Private equity woes go beyond deal freezes

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The most visible sign of trouble in the private equity industry right now is one deal after another collapsing. You can’t do a leveraged buyout without the debt, and the funding markets are freezing. But buyout companies face bigger challenges than growing their pool of idle funds.

The turn in credit markets has pushed banks away from underwriting giant debt packages for deals. Lenders who backed the takeover of Wm Morrison Supermarkets by Clayton, Dubilier & Rice LLC last year were unable to sell all loans to other banks and investors before bond yields jumped.

Pharmacist Walgreens Boots Alliance Inc. canceled the £5 billion ($6.1 billion) sale of its UK subsidiary Boots last month. Consumer products company Reckitt Benckiser Group Plc has also considered pausing plans to sell its remaining infant nutrition business, a potential $7 billion deal, with private equity as the obvious buyer.

Certainly, some transactions are still in progress or in the process of being attempted. But they’re usually infrastructure-type, like Deutsche Telekom AG’s cellphone tower business, or small, like UK-based publisher Euromoney Institutional Investor Plc, or special situations, like software company Zendesk Inc. in the United States.

Frozen funding strikes at the heart of the private equity model. And the industry still has a lot of unused dry powder. But there will be a thaw over time and the upside for buyers is that purchase prices are likely to come down.

The big unknown is how long buyers and sellers will find common ground on valuation, and whether falling asset values ​​will fully offset having to fund deals with more expensive debt. . Industry may need to compromise on performance barriers above 20%.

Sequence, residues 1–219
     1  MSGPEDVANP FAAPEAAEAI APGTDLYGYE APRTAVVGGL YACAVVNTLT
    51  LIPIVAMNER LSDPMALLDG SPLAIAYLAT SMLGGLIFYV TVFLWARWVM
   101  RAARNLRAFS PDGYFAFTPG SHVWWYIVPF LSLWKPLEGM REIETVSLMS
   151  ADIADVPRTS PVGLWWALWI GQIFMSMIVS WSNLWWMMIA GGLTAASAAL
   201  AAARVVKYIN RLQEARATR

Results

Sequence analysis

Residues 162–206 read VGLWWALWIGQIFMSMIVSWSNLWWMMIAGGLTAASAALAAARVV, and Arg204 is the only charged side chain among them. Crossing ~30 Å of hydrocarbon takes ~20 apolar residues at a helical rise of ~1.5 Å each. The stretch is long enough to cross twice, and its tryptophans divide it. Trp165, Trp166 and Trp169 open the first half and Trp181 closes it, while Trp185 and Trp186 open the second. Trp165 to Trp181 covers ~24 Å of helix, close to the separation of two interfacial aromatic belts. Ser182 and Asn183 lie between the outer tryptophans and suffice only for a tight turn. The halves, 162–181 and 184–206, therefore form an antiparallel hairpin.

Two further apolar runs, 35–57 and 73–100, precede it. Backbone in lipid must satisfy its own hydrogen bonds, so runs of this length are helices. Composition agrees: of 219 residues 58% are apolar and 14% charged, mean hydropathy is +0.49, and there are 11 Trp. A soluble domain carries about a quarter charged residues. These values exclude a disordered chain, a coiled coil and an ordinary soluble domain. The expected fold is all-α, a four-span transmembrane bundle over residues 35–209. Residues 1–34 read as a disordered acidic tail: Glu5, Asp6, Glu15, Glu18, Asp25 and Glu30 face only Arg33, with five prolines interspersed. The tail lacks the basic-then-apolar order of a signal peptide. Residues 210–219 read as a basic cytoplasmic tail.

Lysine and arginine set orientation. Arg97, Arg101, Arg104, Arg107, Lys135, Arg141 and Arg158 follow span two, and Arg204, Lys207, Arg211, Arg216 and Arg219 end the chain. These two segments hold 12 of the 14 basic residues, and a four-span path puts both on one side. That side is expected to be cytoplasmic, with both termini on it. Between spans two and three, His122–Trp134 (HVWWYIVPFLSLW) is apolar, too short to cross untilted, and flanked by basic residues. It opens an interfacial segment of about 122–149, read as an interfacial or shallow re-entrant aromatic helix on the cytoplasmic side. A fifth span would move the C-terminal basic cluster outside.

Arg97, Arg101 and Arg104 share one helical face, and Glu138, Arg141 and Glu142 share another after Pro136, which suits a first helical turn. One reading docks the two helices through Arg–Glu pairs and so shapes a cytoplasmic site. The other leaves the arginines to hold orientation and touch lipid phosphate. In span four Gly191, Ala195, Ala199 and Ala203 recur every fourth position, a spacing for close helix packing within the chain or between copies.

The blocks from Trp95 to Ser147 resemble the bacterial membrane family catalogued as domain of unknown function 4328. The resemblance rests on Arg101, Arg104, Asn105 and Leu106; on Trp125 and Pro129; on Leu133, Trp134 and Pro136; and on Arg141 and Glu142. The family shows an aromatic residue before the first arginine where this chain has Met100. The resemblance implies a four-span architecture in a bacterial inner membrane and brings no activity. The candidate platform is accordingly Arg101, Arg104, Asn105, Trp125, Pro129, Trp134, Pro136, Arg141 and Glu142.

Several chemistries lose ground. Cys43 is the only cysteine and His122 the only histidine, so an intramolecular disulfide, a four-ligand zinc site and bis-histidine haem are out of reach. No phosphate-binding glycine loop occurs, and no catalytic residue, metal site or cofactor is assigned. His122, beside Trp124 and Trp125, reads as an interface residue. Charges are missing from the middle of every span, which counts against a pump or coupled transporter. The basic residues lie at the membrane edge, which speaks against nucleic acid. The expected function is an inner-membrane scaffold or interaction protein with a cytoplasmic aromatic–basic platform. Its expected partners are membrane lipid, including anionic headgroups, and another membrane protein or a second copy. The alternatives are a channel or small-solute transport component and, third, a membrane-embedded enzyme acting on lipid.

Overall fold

The most fundamental issues relate to past transactions, not new ones.

Buybacks over the past couple of years or so, hit as markets peaked, could become a cornerstone.

The valuation of average U.S. leveraged buyout to earnings, as conventionally measured, has increased 1.8 times between 2000 and 2021, according to consultancy Bain & Co. Rising valuations on the public and private markets allowed private equity firms to exit investments at multiples of the profit they paid. Repeating this trick is going to be tough, making efficiency and revenue gains more pressing priorities to increase the value of the business for sale. But macroeconomic pressures weaken both levers.

Additionally, many private equity portfolio companies will face cost pressures that they cannot pass on to their clients. Leverage can push sick companies into critical condition. When debt has been provided with covenants, lenders may be powerless to intervene until the problems are serious. A well-publicized blowout would remind investors that leverage goes both ways.

Which brings us to fundraising. Investors’ enthusiasm for private assets has allowed companies to raise ever larger funds, thus widening the pool of management fees and enabling them to develop their own businesses. It could be a while before new records are set. As private market valuations catch up to the stock market decline, limited partners who invest in buyout funds should prepare for disappointment.

A sudden slowdown in private equity allocations would hit small and medium-sized buyout companies particularly hard. They were already on the wrong side of a trend that saw investors commit more to fewer but bigger companies. Now the battle will be over a shrinking pie.

So don’t worry about deals that private equity can’t do today. You worry about the performance of the deals they’ve made and where the next round of charges are coming from.

More from Bloomberg Opinion:

• Don’t let private equity make a fool of you: Chris Hughes

• Kellogg Serves Hungry Investors a Snack: Andrea Felsted

• Paulson hits Paydirt again with Porsche of Pianos: Chris Bryant

This column does not necessarily reflect the opinion of the Editorial Board or of Bloomberg LP and its owners.

Chris Hughes is a Bloomberg Opinion columnist covering the deals. Previously, he worked for Reuters Breakingviews, the Financial Times and the Independent newspaper.

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